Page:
Sean Sales '08 is in medical school.
What is your life story since graduation? Have you traveled? Do you have a family? What interesting experiences have you had?
Before I graduated from Wheaton I secured employment as a full-time personal hospice caregiver for a gentleman with ALS (amyotrophic lateral sclerosis). It was an incredibly rewarding (and challenging) experience. God taught me to be less selfish, to appreciate my own health, and to see how He can use even suffering for His glory. The man I worked for led at least three people to faith in Christ because of his illness!
After a year of working for him I trained my successor because I was hoping to start medical school. God had other plans... I applied to medical school, and waited to hear. During that summer of waiting I had the joy of volunteering at Glen Eyrie, a beautiful castle and estate built at the foot of Pike's Peak by Gen. Palmer, founder of Colorado Springs. It now functions as a conference center, and the international headquarters of the Navigators. I worked alongside students from 17 nations from 5 continents while completing an internship in cross-cultural communication and discipleship. At the end of the summer I got wait-listed for medical school. My boss at the Glen asked me stay on and work for a year while I re-applied to medical school and received more discipleship training from the Navigators. I gladly accepted.
That year was defining in many ways. In March I both interviewed at the University of Illinois at Chicago College of Medicine (UIC), and asked my-now-wife Rebekah McAuley '09 to start courting towards marriage. I then received my acceptance letter to medical school at UIC on my birthday. A year later we were married by Chappy K.
We have since been happily married for 3+ years, and I am a three months from (finally!) graduating from Med School. Following graduation I will pursue Family Medicine as my specialty.
Could you share why you want to be a doctor, and what you hope to do with medicine?
I have wanted to be a doctor for a long time because of the unique opportunity it gives to meet people when they are facing some of life toughest challenges. Medicine and the Gospel fit well together; Jesus brings us spiritual wholeness through faith in Him, but also He spent a large part of His time ministering to people with various physical ailments. I consider it a privilege to minister to people in their physical distress, and hope to show my patients the way to the Great Physician here and overseas.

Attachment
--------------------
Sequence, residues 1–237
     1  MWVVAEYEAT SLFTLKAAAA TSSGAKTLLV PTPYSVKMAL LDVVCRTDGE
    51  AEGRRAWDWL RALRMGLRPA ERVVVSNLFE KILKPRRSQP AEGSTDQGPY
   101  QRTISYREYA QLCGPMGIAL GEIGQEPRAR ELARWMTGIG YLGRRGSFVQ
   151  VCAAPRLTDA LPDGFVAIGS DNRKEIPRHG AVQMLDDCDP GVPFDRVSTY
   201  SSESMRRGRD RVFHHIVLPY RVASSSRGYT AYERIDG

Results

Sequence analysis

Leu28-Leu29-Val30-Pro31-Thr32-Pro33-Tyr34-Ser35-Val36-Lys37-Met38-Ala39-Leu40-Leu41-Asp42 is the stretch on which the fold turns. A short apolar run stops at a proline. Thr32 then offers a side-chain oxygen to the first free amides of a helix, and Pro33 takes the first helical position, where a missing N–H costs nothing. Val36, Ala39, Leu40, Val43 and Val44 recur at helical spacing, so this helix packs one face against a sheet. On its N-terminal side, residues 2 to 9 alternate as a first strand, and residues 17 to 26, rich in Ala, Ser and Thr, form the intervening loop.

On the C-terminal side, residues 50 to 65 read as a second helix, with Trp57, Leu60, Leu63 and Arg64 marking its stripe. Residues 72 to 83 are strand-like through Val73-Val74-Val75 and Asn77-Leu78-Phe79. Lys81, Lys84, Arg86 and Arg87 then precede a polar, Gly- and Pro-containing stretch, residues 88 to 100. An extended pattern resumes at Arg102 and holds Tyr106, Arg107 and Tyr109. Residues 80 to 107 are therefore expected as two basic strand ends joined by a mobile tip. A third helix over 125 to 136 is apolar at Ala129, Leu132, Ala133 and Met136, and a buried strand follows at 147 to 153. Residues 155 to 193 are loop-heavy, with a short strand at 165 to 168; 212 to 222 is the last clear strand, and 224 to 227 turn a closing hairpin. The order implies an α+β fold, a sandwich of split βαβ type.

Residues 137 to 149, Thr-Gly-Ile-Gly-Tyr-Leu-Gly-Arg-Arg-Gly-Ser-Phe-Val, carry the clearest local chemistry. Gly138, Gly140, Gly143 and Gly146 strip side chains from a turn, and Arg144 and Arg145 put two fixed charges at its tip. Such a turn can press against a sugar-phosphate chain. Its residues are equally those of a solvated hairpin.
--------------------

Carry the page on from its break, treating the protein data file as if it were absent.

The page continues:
Can you talk about ways in which your history might be helping you in medical school? Are there tangible connections between your training in history and the work you are doing at medical school?
Probably the biggest advantage I have over my peers is written communication skills. With a history degree you become very proficient at expressing yourself in writing. Believe it or not, doctors have to write a lot in their patients' charts, but they are not always great at it. Also, being able to persuasively argue a point - such as why you think a patient should be diagnosed a certain way - is hugely important once you start your clinical rotations during your third year of medical school.
Outside of your professional training, are there ways that your history major has enriched your life
Absolutely! It has helped me retrace my family history several centuries into the 1400s. And every time I travel somewhere (even for residency interviews) I love to explore and experience the place through historical lenses.
What advice would you provide to current or future history majors about making the most of their studies and degree?
Do not specialize too early. Take advantage of the breadth of Wheaton. Take a wide array of classes to get a feel for what you most enjoy. God has gifted you in unique ways, so discover what they are! Once you have, dive in deeply. Your time in undergrad will go a lot faster than you expect.
If you had to do it again, would you still major in history? If so, why?
Yep! It was a wonderful balance for me. I had to do pre-med to be prepared for medical school but I always enjoyed coming to history classes and reading the books the professors assigned.